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January 6, 2012

2012

Washington Letter
January 6, 2012
Newsletter of the American Thoracic Society's Washington Office

1150 18th Street NW
Suite 300
Washington, D.C. 20036
Telephone:(202) 296-9770
advocacy@thoracic.org

CLINICAL PRACTICE

Congress Passes Last Minute SGR Patch – SGR Cut Delayed Until March

After an intense round of political brinksmanship, the House of Representatives finally agreed to the Senate-passed legislative package of tax and Medicare provisions that provide a two month reprieve from the 27.4 percent cut in Medicare physician reimbursement. The looming cut is caused by a flawed sustainable growth rate factor (SGR) used to calculate the annual Medicare physician payment update. 

For January and February, physicians will receive a zero percent update in the Medicare payments.  However, all other actions in the CMS Medicare Physicians Fee Schedule final rule for 2012 will be implemented.  Due to other changes in the 2012 Medicare physician fee schedule final rule, the 2012 conversion factor will increase from $33.9764 for 2011 to $34.0376 for 2012.  For more details on how the final rule will impact pulmonary, critical care and sleep medicine please see the December issue of the ATS Coding and Billing Quarterly newsletter.

When Congress returns from the winter recess, one of its priority agenda items will be to enact a year-long fix to the SGR. The SGR legislation will also include other “must pass” tax provisions that Congress is expected to address early in 2012. 
While prospects for a permanent SGR solution are dim for this Congress, the physician community continues to push Congress to stop the endless stop-gap solutions and enact a permanent fix to the SGR formula.

CLEAN AIR

Court Stays EPA Cross State Air Pollution Rule

Just before the New Year, the D.C. District Court of Appeals issued a preliminary injunction to stop the EPA from enforcing the recently finalized rule to reduce downwind air pollution.  The EPA rule, known as the Cross State Air Pollution Rule (CSAPR), calls for reduced sulfur and nitrogen emissions from industrial sources that travel “downwind” to cause air pollution problems in neighboring states.

Opponents of the CSAPR celebrated the preliminary injunction, noting that the courts typically do not grant stays unless the court feels the petitioner’s case has strong legal merit.  However, supporters of the CSAPR pointed out that several previous EPA rules which have been challenged in court, while receiving initial stays, were ultimately upheld by the court.

In an ironic legal twist, until the legal challenge to CSAPR is resolved, the EPA will continue to enforce the previous rule on downwind pollution issued during the Bush Administration, known as the Clean Air Interstate Rule, which was struck down by the courts in 2008.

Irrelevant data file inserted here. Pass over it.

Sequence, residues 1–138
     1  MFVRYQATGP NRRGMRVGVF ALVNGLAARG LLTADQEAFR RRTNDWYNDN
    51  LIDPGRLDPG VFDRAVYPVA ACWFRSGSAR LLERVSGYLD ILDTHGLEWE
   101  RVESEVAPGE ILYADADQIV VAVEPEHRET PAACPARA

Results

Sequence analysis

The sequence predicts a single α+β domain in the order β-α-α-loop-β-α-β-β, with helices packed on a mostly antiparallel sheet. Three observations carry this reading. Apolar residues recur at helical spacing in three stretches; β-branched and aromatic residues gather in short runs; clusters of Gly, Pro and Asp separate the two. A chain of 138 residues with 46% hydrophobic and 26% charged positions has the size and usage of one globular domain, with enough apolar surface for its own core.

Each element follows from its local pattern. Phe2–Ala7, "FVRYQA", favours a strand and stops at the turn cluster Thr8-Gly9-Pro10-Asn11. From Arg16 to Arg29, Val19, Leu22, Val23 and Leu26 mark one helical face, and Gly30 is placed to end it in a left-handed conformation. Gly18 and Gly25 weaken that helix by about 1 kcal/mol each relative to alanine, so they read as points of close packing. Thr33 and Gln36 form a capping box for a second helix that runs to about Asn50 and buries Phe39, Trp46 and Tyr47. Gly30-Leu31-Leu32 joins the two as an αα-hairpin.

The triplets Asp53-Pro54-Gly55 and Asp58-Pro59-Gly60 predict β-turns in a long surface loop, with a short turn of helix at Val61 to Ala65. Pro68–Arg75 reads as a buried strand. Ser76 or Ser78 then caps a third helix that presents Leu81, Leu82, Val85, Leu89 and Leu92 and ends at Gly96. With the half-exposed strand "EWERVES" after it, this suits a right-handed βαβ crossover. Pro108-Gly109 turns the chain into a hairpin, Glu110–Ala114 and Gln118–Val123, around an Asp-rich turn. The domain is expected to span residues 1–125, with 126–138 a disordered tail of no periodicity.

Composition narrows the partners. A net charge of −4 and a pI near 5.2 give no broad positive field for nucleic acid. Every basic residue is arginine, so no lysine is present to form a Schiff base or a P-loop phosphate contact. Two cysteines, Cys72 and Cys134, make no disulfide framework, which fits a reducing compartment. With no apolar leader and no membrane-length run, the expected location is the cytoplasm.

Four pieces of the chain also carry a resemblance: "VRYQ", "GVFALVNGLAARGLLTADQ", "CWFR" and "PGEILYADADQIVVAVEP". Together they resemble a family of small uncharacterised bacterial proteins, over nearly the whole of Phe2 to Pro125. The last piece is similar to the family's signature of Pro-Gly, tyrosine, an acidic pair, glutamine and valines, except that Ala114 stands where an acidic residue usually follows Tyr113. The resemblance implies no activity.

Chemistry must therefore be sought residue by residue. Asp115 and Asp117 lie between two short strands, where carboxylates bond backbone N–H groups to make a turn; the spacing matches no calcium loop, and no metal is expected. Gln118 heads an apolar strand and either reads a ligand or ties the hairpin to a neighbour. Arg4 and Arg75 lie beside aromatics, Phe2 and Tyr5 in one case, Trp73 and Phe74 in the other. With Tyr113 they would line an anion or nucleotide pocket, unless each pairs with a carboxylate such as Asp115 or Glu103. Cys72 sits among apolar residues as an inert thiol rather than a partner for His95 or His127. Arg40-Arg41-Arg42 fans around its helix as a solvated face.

TUBERCULOSIS

ATS & Partners Convene Meeting to Advance Pediatric TB Advocacy

This week, the ATS and coalition partners Treatment Action Group (TAG), the Infectious Diseases Society of America (IDSA) and ACTION held a meeting in Washington to promote awareness of and mobilize advocacy efforts around the issue of tuberculosis in children. Globally, at least one million cases of TB occur annually among children, but it is believed that the true burden of TB in children in unknown because of a lack of child-appropriate diagnostic tests and inadequate surveillance and reporting of childhood TB cases.

The meeting featured presentations by ATS member Jeffrey Starke, M.D., professor at Baylor College and director for the Children’s TB Clinic at Texas Children’s Hospital, the mother of a baby with drug resistant TB meningitis and pediatric TB researchers. Dr. Starke discussed the epidemiology of childhood TB and the reasons why childhood TB is a neglected public health issue, which include the difficulty in diagnosis and the fact that because most TB in children is extrapulmonary, it is often not as infectious as TB in adults.

The meeting concluded with an advocacy panel of ATS, IDSA and Doctors Without Borders policy staff and a group discussion of funding for TB control and strategies for prioritizing childhood TB on the global public health agenda. One of the meeting’s main outcomes is the formation of a childhood TB workgroup, which the ATS will help lead, that will continue to work on the issue.

 

 

 

 


The Washington Letter is written by the American Thoracic Society government relations office and emailed to all ATS members living in the United States. The letter keeps clinicians, scientists, and patients abreast of legislative, judicial, and regulatory issues in pulmonary, critical care, and sleep medicine. Each week's edition is archived on the ATS Web site, www.thoracic.org. If you have any questions or one more information about becoming involved in advocacy, please contact the ATS Washington office at 202-296-9770.